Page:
My Hospitality Review of Disney World

First, let me open with a solemn vow that this will be my final Disney post for all time! No, really.

Now, I have not visited a Disney resort since I was a child, nor had I ever been to Disney World (us West Coasters are more fixated on the easier-to-bite-off Disneyland).

Therefore, from a professional perspective, I was very curious to experience Walt Disney’s vaunted service, as the company is generally considered to be amongst the best when people talk about paragons of the hospitality industry. Perhaps my expectations were too high, because I was surprisingly disappointed on many fronts.

WHAT THEY DO REALLY WELL. They are good at what I call the mechanics of keeping the parks running. They move people in and out of rides well, the fast pass system is great, they keep everything spotless, all of the staff are well trained, and there are always people running around dusting and painting.

On a side note, the overly perky employees did drive my oldest a bit nuts, with Zoe saying, “Mom, if Disney is where your wishes come true, then I wish that these people would quit calling me ‘princess’ everywhere I go.”

WHERE THEY DROP THE BALL. We stayed at their top category hotel, in the park, on the monorail. Their rack rate pricing was comparable with other 5 star luxury hotels, and I would have expected an experience similar to what you would receive for a similar price at the Wynn Las Vegas, a Ritz Carlton, or a Four Seasons. Alas, the Grand Floridian was not even close. The myriad ways that Disney dropped the ball:

  1. We could make all of our dining reservations up to 6 months in advance, but their online system remained down and we had to do everything over the telephone.

  2. We were never able to access our zillion reservations online (each of them with their own 5000 digit confirmation code — ridiculous).

  3. They besprinkle their Web site with “WE ACCOMMODATE ALLERGIES.” Thus, we told the resort 3 months in advance that Zelda had nut allergies. Also, once we arrived, we called them again to remind them before our high tea. And, when we showed up for high tea, we reminded the waitress, who still plunked a peanut butter and jelly sandwich in front of Zelda. It took us four restaurant visits before we figured out that someone didn’t put our allergy information in the correct place in their pretty unimpressive computer system, which we finally got rectified. What I find unbelievable is that each time we had a problem, none of the Disney employees fixed the issue.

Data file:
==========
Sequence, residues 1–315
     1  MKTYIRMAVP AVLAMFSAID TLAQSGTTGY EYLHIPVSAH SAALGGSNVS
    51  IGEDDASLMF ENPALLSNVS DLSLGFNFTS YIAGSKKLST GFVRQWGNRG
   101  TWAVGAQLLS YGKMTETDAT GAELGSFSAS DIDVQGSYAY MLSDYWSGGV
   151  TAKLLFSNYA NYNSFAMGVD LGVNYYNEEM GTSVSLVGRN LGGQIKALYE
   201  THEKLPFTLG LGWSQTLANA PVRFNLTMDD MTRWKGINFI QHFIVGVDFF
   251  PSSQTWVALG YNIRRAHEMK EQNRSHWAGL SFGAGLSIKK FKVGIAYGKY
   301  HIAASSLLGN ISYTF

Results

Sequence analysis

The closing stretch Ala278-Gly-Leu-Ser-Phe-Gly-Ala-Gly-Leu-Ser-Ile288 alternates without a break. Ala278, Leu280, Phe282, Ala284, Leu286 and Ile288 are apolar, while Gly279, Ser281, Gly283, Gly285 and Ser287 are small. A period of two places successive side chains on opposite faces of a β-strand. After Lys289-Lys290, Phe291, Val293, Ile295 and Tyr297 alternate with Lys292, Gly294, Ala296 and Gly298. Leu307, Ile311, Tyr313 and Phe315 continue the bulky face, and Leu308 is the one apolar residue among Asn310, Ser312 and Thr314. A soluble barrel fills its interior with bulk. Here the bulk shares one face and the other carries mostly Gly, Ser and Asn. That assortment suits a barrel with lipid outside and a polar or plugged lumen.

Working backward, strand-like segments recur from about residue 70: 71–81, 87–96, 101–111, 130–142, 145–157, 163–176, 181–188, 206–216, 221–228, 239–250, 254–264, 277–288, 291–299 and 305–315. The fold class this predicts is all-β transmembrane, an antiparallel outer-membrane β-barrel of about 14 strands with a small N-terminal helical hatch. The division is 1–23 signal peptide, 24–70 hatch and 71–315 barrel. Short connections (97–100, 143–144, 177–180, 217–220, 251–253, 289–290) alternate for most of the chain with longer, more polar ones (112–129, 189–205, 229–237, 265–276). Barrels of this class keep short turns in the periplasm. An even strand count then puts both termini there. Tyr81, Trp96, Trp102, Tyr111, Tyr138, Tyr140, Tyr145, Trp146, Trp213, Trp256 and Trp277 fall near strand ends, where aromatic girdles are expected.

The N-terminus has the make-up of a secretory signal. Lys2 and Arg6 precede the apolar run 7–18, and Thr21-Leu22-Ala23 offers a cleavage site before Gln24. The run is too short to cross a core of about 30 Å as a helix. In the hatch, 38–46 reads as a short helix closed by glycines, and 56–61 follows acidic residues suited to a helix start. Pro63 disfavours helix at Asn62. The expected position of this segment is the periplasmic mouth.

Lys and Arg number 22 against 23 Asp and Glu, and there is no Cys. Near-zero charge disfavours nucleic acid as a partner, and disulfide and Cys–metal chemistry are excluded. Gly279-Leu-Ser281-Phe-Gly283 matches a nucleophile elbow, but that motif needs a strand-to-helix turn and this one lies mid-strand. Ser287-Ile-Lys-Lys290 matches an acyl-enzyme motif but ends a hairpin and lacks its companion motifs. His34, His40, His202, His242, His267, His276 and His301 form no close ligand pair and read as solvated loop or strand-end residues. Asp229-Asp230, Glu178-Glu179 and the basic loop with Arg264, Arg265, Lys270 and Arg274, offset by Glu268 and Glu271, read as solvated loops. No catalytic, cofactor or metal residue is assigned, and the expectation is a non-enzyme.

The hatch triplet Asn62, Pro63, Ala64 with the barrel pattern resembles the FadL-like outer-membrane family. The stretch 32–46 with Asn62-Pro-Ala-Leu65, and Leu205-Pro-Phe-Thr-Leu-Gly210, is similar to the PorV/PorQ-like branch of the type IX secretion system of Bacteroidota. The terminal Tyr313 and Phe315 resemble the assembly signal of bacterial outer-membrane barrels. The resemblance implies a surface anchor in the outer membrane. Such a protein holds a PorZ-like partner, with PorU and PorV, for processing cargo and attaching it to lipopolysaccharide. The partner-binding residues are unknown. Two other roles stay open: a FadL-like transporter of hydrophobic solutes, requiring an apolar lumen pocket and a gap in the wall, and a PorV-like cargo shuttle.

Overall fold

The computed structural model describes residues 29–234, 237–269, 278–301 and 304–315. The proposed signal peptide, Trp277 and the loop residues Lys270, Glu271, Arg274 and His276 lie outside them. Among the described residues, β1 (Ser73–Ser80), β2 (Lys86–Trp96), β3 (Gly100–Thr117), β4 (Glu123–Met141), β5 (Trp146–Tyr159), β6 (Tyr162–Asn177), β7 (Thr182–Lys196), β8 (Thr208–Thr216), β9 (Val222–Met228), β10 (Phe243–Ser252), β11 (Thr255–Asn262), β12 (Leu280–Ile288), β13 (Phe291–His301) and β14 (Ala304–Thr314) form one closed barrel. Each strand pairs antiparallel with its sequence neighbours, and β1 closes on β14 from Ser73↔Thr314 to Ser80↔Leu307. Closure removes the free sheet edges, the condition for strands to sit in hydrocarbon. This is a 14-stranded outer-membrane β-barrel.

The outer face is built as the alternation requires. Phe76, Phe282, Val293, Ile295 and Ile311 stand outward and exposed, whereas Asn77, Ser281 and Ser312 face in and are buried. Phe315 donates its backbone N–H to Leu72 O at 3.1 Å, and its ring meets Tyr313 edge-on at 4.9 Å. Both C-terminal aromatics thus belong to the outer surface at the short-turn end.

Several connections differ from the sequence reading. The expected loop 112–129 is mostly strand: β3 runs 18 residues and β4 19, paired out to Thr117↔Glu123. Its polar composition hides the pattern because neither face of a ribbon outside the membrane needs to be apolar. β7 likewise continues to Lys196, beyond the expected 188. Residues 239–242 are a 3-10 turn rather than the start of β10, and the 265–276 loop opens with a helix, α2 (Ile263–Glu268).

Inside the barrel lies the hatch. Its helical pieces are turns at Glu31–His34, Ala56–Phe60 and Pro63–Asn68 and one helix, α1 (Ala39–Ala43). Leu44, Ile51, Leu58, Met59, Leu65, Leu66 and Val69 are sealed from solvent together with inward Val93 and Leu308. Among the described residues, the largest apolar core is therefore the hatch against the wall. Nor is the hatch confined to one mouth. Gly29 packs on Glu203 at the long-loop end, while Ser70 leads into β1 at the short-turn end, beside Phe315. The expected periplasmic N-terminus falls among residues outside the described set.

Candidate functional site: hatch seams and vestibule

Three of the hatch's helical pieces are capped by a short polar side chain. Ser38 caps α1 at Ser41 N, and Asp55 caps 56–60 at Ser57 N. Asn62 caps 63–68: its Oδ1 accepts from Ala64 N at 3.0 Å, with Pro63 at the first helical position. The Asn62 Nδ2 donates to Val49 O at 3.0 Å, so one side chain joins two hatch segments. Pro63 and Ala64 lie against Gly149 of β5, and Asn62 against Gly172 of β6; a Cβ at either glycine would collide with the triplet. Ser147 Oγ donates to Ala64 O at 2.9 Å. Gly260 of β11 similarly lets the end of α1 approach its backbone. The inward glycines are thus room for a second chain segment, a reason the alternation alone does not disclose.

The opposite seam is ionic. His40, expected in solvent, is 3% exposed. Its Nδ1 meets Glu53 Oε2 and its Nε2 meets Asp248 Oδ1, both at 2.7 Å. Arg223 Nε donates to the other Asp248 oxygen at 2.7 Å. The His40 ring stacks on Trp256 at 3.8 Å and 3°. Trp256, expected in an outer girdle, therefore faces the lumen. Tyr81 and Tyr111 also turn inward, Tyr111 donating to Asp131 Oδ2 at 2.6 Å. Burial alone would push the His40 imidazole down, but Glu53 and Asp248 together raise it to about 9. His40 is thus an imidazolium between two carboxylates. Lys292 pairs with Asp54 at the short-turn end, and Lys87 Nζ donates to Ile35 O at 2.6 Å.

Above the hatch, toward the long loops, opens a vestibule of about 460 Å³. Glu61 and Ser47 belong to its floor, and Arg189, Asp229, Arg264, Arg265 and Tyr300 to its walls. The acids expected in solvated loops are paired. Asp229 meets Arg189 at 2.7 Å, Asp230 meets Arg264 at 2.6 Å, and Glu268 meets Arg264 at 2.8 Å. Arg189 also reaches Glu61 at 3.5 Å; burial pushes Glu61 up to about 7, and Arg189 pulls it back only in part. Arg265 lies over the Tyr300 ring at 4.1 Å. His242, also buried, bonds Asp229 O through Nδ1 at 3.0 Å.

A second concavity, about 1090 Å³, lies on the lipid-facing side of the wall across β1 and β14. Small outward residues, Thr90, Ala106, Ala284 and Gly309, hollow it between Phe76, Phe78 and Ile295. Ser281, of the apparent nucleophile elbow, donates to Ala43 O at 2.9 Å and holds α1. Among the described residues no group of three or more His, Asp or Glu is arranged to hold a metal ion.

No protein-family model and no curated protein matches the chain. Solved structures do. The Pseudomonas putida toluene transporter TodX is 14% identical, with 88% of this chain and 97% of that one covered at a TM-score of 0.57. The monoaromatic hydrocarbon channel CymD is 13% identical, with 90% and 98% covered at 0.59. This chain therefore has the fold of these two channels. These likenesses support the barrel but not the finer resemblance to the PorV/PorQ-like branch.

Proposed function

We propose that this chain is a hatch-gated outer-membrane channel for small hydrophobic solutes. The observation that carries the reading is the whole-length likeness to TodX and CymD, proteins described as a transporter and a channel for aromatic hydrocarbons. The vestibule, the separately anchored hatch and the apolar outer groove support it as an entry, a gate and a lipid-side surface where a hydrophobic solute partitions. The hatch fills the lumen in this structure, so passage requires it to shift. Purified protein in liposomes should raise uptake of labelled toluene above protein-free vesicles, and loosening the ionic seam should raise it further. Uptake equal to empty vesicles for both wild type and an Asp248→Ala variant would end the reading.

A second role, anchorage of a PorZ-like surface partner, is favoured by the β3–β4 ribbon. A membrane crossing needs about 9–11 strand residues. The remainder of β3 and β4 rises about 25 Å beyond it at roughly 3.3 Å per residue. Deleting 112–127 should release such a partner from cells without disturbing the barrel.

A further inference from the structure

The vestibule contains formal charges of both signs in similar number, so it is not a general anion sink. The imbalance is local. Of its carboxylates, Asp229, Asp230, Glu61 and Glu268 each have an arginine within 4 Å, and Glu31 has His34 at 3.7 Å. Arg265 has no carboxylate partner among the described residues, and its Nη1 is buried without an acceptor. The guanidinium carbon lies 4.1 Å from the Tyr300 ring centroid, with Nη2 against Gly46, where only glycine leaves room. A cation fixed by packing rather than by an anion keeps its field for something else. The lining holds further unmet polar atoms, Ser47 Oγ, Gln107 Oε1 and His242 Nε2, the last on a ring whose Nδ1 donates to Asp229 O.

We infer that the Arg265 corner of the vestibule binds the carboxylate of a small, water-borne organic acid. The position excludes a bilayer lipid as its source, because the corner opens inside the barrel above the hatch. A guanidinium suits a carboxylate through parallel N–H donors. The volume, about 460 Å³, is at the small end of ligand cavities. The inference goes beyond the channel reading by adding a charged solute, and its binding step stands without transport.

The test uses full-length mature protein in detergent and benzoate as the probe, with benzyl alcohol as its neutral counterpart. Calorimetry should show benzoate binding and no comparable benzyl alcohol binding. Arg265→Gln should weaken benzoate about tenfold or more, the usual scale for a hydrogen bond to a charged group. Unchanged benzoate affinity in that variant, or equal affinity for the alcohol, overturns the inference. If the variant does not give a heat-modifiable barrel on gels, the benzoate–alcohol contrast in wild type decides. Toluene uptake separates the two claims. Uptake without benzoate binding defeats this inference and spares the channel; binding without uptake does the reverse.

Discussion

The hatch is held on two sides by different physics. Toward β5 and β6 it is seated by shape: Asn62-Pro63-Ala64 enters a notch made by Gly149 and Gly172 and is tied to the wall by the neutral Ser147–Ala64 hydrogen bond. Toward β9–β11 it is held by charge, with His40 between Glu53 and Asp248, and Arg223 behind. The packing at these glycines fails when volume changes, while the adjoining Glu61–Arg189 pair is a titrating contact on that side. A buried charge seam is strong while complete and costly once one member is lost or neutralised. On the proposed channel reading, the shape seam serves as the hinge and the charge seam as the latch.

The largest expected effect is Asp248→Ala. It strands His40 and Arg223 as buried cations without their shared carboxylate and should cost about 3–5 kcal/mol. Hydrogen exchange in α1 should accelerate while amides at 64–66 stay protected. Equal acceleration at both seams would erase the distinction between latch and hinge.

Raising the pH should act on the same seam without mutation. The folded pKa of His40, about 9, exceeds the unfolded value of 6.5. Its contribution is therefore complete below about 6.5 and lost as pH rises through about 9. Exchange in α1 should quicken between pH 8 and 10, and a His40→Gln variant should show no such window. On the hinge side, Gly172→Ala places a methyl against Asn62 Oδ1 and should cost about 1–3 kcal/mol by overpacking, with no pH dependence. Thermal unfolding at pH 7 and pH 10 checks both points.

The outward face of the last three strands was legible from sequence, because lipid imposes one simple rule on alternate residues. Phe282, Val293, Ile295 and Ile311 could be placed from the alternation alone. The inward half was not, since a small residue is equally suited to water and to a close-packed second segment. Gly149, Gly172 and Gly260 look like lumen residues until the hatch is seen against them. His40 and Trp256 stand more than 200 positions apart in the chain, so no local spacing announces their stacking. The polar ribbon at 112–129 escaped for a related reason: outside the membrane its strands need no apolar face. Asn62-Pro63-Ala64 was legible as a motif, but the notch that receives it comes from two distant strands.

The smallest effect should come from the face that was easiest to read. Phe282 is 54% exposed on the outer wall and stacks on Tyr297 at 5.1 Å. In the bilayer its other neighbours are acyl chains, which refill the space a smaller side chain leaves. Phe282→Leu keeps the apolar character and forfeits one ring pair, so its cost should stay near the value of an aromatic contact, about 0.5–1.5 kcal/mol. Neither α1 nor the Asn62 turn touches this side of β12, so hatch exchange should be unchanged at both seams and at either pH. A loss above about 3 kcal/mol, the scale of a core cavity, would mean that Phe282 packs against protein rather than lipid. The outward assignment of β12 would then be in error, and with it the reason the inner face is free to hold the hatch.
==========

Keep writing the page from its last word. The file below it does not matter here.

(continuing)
4. We showed up for a meal having reserved months in advance, for 7 people. When we got there, we were told by the maître d’ that the restaurant couldn’t seat parties of 7. I asked them how their information system could possibly accept a reservation for that amount if the restaurant couldn’t seat us together? He had no good answer and decided to go with rude and unhelpful. In response, I got a little shirty, as I’m wont to do and said, “really, you can’t fit seven people together…can I take a look?” He let me in the room and, lo and behold, there was a banquette of seats against the wall with 3 small tables that could be pushed together. Utterly ridiculous.

  5. It was chilly there this winter, but there was really no functional heating…anywhere. It was usually colder inside than outside.

  6. They had no wireless Internet available for the rooms. You could connect, for a fee, via Cat5 cable, but even that only worked one of the nights out of seven. Disney outsources their Internet access, so no one who worked for the hotel could ever help or do anything to assist us. They kept referring us to their outside vendor, who was useless. It’s 2010, I’m paying a fortune for my room, I want functional Internet access.

WHERE THEY ARE GOING. As I talked about previously, Disney is in a tough place. They have eschewed really crazy thrill rides for experiential and animatronic rides. Unfortunately, technology is changing at such a pace that it’s hard for them to keep up. If they build a 3D movie experience, for instance, it is outdated within a year or two.

The way they seem to be dealing with this is to offer cool live shows. Hollywood Studios is a prime example. Another of the newer parks at Disney World, it was a family favorite. They had a few real thrill rides, like the Rock ‘n’ Roller Coaster that goes from 0 to 60 mph in 2.8 seconds. But mostly, the park is built around live shows, like the Indiana Jones stunt show and the Lights, Motors Action car/motorcycle stunt show. Both were quite enjoyable.

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